8. Lil, if you're still doing laundry, you're doing great! It's these little things that keep us going, right? I hope your health improves, too. I'm so glad that you love to read. There's nothing better, is there? Maggiexo

  9. Oh, Maggie, I could have written this! Only it would not have been nearly so clever. I too, remember the days when I used to think that everything would change once I got published. And then being published brought along another set of goals/dreams, ie: to KEEP getting published. As the mother of 2 kids in college and one who still needs $ help from time to time, it feels like it will never end. And personally, I hope it doesn't because being busy means I'm alive and I'm working and I'm eternally grateful for everything I've been given. Even if it means dirty laundry :)

  10. And this is why I love the Stiletto Gang: like-minded writers and readers one and all. Maria, I love your outlook and your gratitude for what you've been given. We are all very lucky to be doing what we're doing and we can never forget that. Maggie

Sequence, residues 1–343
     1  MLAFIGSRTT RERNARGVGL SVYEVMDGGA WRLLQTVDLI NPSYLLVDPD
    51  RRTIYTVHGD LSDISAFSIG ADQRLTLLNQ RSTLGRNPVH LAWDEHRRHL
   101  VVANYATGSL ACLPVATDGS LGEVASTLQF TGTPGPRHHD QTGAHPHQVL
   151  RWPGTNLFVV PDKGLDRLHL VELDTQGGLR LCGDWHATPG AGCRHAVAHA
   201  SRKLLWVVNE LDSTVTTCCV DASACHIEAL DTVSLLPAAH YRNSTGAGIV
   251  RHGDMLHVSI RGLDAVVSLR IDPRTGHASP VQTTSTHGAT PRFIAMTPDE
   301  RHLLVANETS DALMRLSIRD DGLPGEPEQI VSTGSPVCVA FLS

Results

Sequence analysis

11. Lil, we so enjoy you hanging out here with us! :-)

  12. Anjali - I am sending lots of positive vibes in your direction.

    Maggie - Funny, I've been thinking about this "living the dream" thing a lot with the new book coming out. When I was performing full time I thought I 'made it' when I landed my first professional lead. Yeah - not so much. Then I had to worry about the reviews and getting sick and so many other things that never seemed important until I ended up living through the dream. This topic kind of reminds me of fairy tales that end with "And they lived happily ever after". The characters in the fairy tales always achieve their dream at the end and that's where the story stops because no one really wants to talk about life after the dream. I guess maybe that's why we write. Someone needs to tell the story that comes after the fairy tale ends.

  13. Thank you so much for the kind words. I like reading your posts, and your attitudes. Certainly, I like your books!